2. Maas emphasizes the importance of originality. He forced me to look at my own work and genuinely ask “is this new?” To which my response was a paltry: “sort of.” I don’t know if I was able to use this to springboard myself into a more original premise, but it at least made me more aware of what I was lacking. 

Maas also had a whole section on attaching high stakes to everything in your story. I knew this already, of course, but after reading, I started to look at each individual scene and ask myself: what are the stakes in this scene? How can I raise them?

3. Maas discussed subplots in his book which the course did not address. In the course, there seemed to be an emphasis on more direct plotting, without any side-stories or deviations. Maas wrote more about using subplots to contribute to your primary plot. 


Write Away, Elizabeth George

1. George began her book with a discussion of the hero/heroine of the story, arguing that without a compelling protagonist, the rest of the story development really doesn’t matter. It reminded me that everything in my novel must be character-driven, and a lot of my revisions in the new version of my book centered on further developing my protagonist. 

2. In her sections on setting, George wrote about how sometimes settings can portray character. Going into someone’s home, for example, offers the guest a better understanding of the home owner. I had never thought of setting in that context, and I went through my work to try to tailor individual spaces to my characters. How would the Diviners set up their classrooms in the seminary? How would Darina organize her healing tent?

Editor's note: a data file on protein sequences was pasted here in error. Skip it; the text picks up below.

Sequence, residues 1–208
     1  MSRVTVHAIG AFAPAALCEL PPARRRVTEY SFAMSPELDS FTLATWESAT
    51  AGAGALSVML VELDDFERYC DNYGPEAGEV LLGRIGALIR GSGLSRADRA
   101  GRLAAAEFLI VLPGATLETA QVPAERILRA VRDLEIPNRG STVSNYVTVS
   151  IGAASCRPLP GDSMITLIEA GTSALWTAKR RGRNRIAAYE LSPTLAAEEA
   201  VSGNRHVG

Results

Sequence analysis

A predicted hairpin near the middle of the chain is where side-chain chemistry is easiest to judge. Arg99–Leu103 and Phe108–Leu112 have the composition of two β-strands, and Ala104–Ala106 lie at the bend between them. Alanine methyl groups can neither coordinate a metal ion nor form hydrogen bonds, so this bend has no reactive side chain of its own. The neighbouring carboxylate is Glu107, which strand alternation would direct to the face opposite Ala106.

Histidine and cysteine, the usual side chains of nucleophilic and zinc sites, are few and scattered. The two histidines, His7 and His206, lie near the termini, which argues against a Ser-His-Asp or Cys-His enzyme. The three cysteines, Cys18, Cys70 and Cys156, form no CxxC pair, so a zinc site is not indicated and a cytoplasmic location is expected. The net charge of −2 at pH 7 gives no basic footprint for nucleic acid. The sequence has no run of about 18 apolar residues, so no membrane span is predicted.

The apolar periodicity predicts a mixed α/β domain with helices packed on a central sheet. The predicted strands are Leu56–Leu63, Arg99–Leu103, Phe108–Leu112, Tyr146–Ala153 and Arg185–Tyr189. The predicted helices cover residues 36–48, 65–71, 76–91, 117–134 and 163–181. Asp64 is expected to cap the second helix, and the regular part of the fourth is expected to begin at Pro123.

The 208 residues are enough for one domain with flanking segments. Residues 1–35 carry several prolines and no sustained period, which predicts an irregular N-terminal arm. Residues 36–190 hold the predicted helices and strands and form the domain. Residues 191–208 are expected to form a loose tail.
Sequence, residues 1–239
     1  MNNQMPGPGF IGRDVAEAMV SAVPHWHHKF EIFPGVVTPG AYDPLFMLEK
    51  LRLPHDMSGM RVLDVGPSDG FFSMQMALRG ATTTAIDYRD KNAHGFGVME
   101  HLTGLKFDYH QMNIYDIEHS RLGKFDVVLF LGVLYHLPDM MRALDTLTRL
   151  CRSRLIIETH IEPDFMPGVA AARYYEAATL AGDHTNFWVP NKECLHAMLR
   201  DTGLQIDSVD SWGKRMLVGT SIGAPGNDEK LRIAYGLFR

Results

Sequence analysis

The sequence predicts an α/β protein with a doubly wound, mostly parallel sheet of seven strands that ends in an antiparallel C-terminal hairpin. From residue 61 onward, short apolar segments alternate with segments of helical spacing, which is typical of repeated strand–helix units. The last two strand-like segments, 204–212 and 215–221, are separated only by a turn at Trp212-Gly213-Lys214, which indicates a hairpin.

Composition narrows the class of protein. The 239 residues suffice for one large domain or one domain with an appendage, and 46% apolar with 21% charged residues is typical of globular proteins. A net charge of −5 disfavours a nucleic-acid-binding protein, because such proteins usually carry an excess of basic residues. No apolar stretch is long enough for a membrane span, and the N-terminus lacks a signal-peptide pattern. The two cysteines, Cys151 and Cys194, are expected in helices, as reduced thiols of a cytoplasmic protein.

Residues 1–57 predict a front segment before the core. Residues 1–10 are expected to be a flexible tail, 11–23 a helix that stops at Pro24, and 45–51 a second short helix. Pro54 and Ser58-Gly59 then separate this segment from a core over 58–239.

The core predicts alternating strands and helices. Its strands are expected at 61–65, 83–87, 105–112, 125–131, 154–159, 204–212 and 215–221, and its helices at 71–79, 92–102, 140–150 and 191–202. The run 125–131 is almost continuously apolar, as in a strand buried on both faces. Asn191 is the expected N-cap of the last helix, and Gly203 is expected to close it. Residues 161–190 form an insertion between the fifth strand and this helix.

I appreciated George’s discussion on dialogue as well. She wrote about how attitudes can distinguish one speaker from another, so I revised to try to give my characters more distinctive attitudes (sarcasm, stoicism, etc.). 

3. I didn’t find any major contradictions between the course and Write Away. George uses a different plotting mechanism, but her seven-step plotting had a lot of similarities with the six-act model. 


The Writing Life, Annie Dillard

1. In honesty, I struggled to fully invest myself in this one. Part of that may be because I don’t believe in any such thing as “the writing life.” I’m a teacher. A mother. Writing is a hobby, and though I desperately hope to become published one day, I cannot classify writing as an actual career. Perhaps wildly successful writers like King or Rowling can do that, but I am under no delusions about ever becoming a King or a Rowling. 

2. Dillard cautioned against “holding on” to material, which resonated with me. As I’ve been revising, I’ve been trying to reveal more information sooner in the story. The truth is that I have a near-endless supply of reveals in my story as well—so many that I couldn’t possibly put them all in the first book anyway. So why not give the reader more as they go? I’ve been stingy. 

 It was encouraging to read about Dillard’s struggles with writing. I often feel like an under-qualified housewife, playing at something out of her depth. It helped to see that other authors, even successful authors, can feel that way too. 

3. This was more a memoir-centered book, so it’s hard to directly relate her experiences with the formats and lessons taught within the course. I didn’t see anything directly contradictory, except that maybe Dillard takes more of a “creative” rather than a structured approach to her writing.